Campus Sustainability
7:16 am
Tue March 25, 2014

WSW: Higher, and Greener Education

Solar panels at Western Michigan University - file photo
Credit WMUK

WestSouthwest with David Hales

 

The CEO of the group Second Nature will be the keynote speaker for a summit on sustainability this week at Western Michigan University. 

David Hales has also served as president of the College of the Atlantic, held posts in the Clinton and Carter administrations and was the director of the Michigan Department of Natural Resources from 1988 to 1991. Hales will be the keynote speaker for the Sustainability Leadership Summit. It will be held Thursday in WMU's Fetzer Center. 

Interview with David Hales - web version

Second Nature was launched in 1993. Hales became the CEO in 2012. He says the group has focused on college campuses to educate people about the issues of climate change and sustainability. Hales says colleges and universities are good laboratories for developing sustainable practices. He says Western Michigan University is a good example of a campus that has developed strong sustainability practices. 

David Hales
Credit Second Nature

Hales says when college campuses reduce their college footprint, it usually spreads to other organizations in the town, such as corporations and hospitals. He says the idea has also spread among institutions of higher education. Hales says that's in part because students want to attend a school that is environmentally responsible. He says it also tells students that they can learn about new technologies.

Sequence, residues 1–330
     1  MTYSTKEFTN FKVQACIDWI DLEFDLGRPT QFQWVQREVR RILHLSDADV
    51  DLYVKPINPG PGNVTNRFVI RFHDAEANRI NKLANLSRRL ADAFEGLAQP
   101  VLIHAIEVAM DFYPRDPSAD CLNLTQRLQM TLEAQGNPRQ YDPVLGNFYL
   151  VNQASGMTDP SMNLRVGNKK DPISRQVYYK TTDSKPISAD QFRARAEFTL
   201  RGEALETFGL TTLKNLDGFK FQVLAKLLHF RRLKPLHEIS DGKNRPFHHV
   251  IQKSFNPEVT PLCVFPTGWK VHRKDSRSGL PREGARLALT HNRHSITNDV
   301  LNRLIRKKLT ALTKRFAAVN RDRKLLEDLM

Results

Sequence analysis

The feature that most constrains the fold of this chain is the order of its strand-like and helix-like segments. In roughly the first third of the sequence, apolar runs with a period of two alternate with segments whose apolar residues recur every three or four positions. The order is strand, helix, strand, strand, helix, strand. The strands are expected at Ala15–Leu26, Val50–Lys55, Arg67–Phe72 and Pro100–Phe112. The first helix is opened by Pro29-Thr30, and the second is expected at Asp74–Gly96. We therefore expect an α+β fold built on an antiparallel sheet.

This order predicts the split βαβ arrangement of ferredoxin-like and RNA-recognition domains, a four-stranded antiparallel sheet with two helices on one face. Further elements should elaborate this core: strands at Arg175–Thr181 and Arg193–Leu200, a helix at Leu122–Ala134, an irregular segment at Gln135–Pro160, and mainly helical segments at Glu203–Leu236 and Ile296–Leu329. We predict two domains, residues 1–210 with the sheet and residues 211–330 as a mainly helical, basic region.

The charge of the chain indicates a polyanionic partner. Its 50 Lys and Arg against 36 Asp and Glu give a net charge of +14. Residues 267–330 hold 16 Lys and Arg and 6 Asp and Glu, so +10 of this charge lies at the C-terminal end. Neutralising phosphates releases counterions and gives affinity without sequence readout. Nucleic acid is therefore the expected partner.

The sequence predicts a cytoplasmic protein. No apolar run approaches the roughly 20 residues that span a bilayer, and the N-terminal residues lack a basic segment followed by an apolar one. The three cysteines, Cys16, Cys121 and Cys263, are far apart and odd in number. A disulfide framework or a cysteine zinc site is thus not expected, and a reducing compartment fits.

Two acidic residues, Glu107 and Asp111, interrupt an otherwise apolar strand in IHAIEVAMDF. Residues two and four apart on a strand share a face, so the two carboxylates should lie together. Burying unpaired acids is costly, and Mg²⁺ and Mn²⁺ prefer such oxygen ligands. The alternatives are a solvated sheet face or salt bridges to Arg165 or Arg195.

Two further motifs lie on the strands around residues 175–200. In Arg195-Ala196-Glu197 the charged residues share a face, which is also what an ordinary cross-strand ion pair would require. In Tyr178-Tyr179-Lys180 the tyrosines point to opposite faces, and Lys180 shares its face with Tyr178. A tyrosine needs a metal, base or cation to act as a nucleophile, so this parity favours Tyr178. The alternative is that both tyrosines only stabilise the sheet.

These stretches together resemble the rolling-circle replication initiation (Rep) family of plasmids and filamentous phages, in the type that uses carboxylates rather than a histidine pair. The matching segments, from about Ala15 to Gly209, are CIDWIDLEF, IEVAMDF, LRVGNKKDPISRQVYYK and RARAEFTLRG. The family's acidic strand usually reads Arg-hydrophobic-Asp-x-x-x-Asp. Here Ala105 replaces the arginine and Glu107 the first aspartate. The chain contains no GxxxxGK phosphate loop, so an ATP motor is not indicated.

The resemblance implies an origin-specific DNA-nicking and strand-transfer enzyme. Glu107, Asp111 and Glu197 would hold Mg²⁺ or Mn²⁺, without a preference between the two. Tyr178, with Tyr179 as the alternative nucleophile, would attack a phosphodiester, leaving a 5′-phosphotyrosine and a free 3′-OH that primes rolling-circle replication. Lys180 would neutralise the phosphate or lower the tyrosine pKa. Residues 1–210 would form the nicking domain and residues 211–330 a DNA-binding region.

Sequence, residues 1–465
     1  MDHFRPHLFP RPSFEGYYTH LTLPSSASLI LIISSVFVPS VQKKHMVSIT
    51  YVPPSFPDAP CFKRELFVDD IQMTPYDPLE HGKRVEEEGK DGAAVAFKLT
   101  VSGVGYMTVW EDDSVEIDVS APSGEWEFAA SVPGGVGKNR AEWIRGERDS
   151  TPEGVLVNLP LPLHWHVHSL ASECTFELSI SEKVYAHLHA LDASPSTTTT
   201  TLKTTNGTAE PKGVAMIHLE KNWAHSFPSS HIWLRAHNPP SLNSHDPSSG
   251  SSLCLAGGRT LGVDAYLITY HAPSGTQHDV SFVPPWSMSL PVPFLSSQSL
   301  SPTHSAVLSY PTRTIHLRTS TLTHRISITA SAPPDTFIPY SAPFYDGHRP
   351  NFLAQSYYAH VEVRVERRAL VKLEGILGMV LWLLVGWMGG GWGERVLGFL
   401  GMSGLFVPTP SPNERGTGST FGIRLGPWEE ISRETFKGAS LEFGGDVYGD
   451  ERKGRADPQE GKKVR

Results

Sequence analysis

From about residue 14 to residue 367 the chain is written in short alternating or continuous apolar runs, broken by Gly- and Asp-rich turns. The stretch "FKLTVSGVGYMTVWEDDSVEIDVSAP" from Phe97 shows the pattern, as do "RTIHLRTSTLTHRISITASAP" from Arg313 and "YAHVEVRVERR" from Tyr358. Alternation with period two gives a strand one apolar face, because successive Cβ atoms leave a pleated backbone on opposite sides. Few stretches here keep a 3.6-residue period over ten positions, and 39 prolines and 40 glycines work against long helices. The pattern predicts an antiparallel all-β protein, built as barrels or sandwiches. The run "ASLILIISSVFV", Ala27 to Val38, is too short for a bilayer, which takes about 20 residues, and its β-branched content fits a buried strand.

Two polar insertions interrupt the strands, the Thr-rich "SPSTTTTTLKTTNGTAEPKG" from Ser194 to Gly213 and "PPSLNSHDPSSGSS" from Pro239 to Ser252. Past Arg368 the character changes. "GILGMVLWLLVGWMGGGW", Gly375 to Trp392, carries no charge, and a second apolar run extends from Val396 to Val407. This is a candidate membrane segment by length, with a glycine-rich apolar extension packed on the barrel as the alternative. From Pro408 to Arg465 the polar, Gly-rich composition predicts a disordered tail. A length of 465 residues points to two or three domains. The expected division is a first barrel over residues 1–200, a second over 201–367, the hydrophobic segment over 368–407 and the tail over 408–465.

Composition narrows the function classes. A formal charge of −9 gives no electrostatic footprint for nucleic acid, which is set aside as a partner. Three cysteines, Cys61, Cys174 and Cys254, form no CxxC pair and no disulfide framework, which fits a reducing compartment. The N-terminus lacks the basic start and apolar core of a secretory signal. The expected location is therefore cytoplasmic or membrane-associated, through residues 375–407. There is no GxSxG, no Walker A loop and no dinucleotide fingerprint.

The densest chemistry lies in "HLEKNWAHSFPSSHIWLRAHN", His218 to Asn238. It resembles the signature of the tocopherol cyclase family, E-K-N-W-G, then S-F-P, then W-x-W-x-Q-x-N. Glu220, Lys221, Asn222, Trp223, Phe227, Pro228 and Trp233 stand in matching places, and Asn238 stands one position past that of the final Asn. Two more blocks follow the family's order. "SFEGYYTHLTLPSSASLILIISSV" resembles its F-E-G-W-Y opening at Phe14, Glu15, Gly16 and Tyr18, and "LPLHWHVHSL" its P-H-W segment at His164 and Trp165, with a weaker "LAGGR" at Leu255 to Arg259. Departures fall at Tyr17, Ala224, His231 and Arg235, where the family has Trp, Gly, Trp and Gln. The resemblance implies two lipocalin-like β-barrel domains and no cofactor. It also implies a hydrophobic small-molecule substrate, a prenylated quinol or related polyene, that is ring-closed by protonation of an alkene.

The United Nations has issued a report warning of serious problems from climate change, including disrupting food supplies and slowing economic growth. Hales says no one institution can stop climate change by itself. But he says people can choose a better future. He acknowledges that there will be pain in making that change. Hales says some jobs will be eliminated and people's consumption will have to change. But he says the change will also make people more resilient. Hales says the existence of climate change can no longer be denied. He says that means that new questions have to be asked, and new practices implemented.